"Have they all drunk the Kool-Aid?"
asked a former CIA colleague, referring to the stampede to appoint a new director
and radically restructure the intelligence community. The Kool-Aid allusion
was to the "groupthink" that led disciples of self-anointed "messiah"
Jim Jones to mass suicide via poisoned Kool-Aid in 1978.
Attorney General John Ashcroft warned on May 26 that the government has "credible
intelligence from multiple sources that Al Qaeda plans an attack on the United
States" before the November election. Yet the president and Congress have
picked this very time – as our intelligence and security forces are ordered
to battle stations – to create mammoth distraction and uncertainty among those
on whom we rely for our safety.
As my colleague put it: "It just doesn’t parse. Besides, if nominee Porter
Goss (R, Fla.) becomes CIA director and the president does not win reelection,
Goss has but six weeks before becoming a lame duck. And then still further disruption
and uncertainty would be in store for an intelligence community that yearns
in vain for stability."
I reminded my friend that this is not about stability, efficiency or preparedness.
The current hyperactivity is driven by politics, and experience has shown that
politics and intelligence reform are a noxious mix.
In the light of 9/11 and the debacle in Iraq, no politician wishes to risk
being seen as putting the brakes on intelligence reform.
In this highly charged atmosphere, the Republican-led Senate would confirm
Peter Sellers’ Inspector Clouseau, were the president to nominate him.
As one wag put it referring to Goss, a bird in the hand is worth it for
Bush. Even if the president is reelected, he cannot be sure he will have
so docile a Senate next year.
Rep. Curt Weldon (R, Pa.) recently commented: "Porter is a team player
. . . and will probably defer to what the president wants." Which,
of course, is a very large part of the problem – as so dramatically illustrated
by the sycophancy of former CIA Director George Tenet.
"The Record Is The Record"
With those words, Mr. Goss tried to deflect questioning
at his nomination hearing on Sept. 14. Okay, we'll bite. Let’s look at that
On June 19, 1997, The Washington Post reported:
"The House Intelligence Committee criticized U.S. intelligence agencies
for having ‘limited analytical capabilities . . . an uncertain commitment and
capability to collect human intelligence . . . a lack of analytic depth and
expertise . . . and a lack of foreign language skills and limited in-country
familiarity.’ The panel’s sharply written report on the fiscal 1998 intelligence
authorization bill carried more weight than usual because for the first time
it was chaired by a former C.I.A. operations officer, Rep. Porter J. Goss (R,
Goss chaired that committee for the next seven years, overseeing (overlooking?)
a steady decline in all of those key areas. The fact that during that period
he did not use the committee’s power of the purse and its watchdog prerogative
to ensure that those deficiencies were corrected gives a hollow ring to his
current assertion, "I can make that happen." Instead of doing so as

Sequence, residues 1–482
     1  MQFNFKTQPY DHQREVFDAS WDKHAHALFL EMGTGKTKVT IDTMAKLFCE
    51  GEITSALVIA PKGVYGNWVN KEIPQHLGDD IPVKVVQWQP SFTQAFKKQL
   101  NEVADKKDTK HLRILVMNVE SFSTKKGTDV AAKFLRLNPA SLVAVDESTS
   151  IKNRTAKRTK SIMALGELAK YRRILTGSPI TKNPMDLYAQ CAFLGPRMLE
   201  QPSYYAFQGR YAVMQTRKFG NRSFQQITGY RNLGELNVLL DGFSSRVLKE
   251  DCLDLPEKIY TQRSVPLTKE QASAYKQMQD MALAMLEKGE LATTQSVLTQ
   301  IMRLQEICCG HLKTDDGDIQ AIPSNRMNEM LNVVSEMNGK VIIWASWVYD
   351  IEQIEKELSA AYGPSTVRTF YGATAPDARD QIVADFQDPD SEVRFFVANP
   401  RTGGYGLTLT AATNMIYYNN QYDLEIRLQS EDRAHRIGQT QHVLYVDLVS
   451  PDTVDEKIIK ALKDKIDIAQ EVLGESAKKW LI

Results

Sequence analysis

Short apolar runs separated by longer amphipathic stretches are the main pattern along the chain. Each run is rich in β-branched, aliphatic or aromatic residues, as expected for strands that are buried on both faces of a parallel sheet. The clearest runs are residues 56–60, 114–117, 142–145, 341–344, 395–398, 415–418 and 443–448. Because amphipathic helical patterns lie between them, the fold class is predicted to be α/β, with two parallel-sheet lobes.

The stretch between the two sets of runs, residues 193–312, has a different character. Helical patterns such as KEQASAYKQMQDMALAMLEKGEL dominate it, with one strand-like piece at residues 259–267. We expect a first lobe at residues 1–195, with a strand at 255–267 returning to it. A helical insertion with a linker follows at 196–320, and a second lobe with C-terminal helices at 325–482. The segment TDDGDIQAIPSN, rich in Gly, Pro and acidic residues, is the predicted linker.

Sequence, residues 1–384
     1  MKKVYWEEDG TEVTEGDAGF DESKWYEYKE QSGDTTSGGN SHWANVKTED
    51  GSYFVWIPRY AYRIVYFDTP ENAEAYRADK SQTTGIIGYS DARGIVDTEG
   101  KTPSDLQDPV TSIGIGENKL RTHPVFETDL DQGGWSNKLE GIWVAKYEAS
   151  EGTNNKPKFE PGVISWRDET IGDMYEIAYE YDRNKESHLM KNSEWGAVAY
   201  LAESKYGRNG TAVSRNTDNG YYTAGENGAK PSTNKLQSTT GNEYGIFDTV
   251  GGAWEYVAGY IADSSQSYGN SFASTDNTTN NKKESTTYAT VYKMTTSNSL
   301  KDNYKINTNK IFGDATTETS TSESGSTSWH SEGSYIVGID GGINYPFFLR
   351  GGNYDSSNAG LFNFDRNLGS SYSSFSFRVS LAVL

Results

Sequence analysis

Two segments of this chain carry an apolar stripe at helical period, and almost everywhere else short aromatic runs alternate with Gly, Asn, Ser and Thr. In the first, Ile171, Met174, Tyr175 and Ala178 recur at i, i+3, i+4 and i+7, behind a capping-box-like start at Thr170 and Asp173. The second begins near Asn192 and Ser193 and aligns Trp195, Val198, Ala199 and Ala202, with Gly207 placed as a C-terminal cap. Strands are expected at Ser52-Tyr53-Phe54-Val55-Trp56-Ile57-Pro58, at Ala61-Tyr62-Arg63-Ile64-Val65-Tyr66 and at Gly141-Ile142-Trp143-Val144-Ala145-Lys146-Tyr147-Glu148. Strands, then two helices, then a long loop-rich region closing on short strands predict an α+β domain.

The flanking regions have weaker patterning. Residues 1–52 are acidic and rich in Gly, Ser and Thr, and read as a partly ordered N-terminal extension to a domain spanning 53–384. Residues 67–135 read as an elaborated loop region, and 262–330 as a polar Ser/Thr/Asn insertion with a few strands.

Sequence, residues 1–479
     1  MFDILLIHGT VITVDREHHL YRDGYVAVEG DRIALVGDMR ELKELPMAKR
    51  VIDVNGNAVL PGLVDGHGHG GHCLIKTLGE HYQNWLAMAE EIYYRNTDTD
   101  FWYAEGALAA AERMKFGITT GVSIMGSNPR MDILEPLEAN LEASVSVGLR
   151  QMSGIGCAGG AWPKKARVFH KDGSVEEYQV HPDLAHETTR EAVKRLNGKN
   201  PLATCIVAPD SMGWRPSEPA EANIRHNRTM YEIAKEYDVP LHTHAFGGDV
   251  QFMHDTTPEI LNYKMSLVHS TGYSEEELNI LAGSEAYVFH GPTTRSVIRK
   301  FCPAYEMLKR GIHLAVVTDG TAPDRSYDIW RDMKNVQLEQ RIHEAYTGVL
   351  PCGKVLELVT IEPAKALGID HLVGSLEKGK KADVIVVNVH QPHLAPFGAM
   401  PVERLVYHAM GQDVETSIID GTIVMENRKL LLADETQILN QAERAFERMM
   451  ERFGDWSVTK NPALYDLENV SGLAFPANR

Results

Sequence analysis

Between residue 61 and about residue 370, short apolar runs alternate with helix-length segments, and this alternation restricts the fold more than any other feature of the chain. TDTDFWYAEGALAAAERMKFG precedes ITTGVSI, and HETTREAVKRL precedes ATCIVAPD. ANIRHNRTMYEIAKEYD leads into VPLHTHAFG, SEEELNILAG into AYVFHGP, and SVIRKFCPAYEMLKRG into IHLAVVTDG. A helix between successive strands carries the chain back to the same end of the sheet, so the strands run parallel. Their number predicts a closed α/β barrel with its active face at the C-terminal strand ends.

head of the intelligence committee, Goss spent seven years cheering for the
CIA – which he still affectionately calls his "alma mater" – until
last June when the signals from the White House changed and he stunned everyone
by abruptly becoming its harshest critic.
To their credit, Senators Levin, Durbin and DeWine asked tough questions of
Goss during Monday’s hearing but found him entirely unresponsive.
Politics And Reform Don't Mix
Mr. Goss also lacks what is demonstrably a sine
qua non qualification for a Director of Central Intelligence – experience
managing a large, highly complex organization.
Moreover, the job for which he has been nominated requires the kind of nonpartisan
approach that is alien to anyone who has functioned for very long in the highly
politicized ether of the U.S. Congress – again, as the tenure of George Tenet,
who made his mark serving senators, so amply demonstrated.
Goss co-authored an opinion piece in The Tampa Tribune on March 8, claiming
that in the 1990s Sen. John Kerry "was leading efforts in Congress to dismantle
the nation’s intelligence capabilities." And in June, Goss interrupted
debate on the House floor by displaying a sign with a 1977 quote from Kerry
that called for cuts in the intelligence budget. These antics raise legitimate
concerns with respect to Goss’s ability to be nonpartisan.
Even more troubling to veteran intelligence analysts is the way Goss’ prepared
statement parroted the president’s rhetoric to the effect that terrorists "are
committed to the destruction of our economy and our way of life" – boilerplate
that merits as much credence as the now thoroughly discredited pre-war claims
about weapons of mass destruction in Iraq.
The situation is much more complex than that. If Mr. Goss believes what he
said, he has not read the definitive work on "why they hate us," CIA
analyst Michael Scheuer’s recent book Imperial
Hubris. And if he doesn't grasp this complexity, how could he possibly
convey it to leaders relying on his counsel?
Ray McGovern – a CIA analyst for 27 years from the administration of John
F. Kennedy to that of George H. W. Bush – has written "A Compromised C.I.A.:
What Can Be Done?" in Patriotism, Democracy and Common Sense published
this month by the Milton S. Eisenhower Foundation. McGovern’s chapter includes
a detailed discussion of the qualities needed in a CIA director.
This article first appeared at TomPaine.com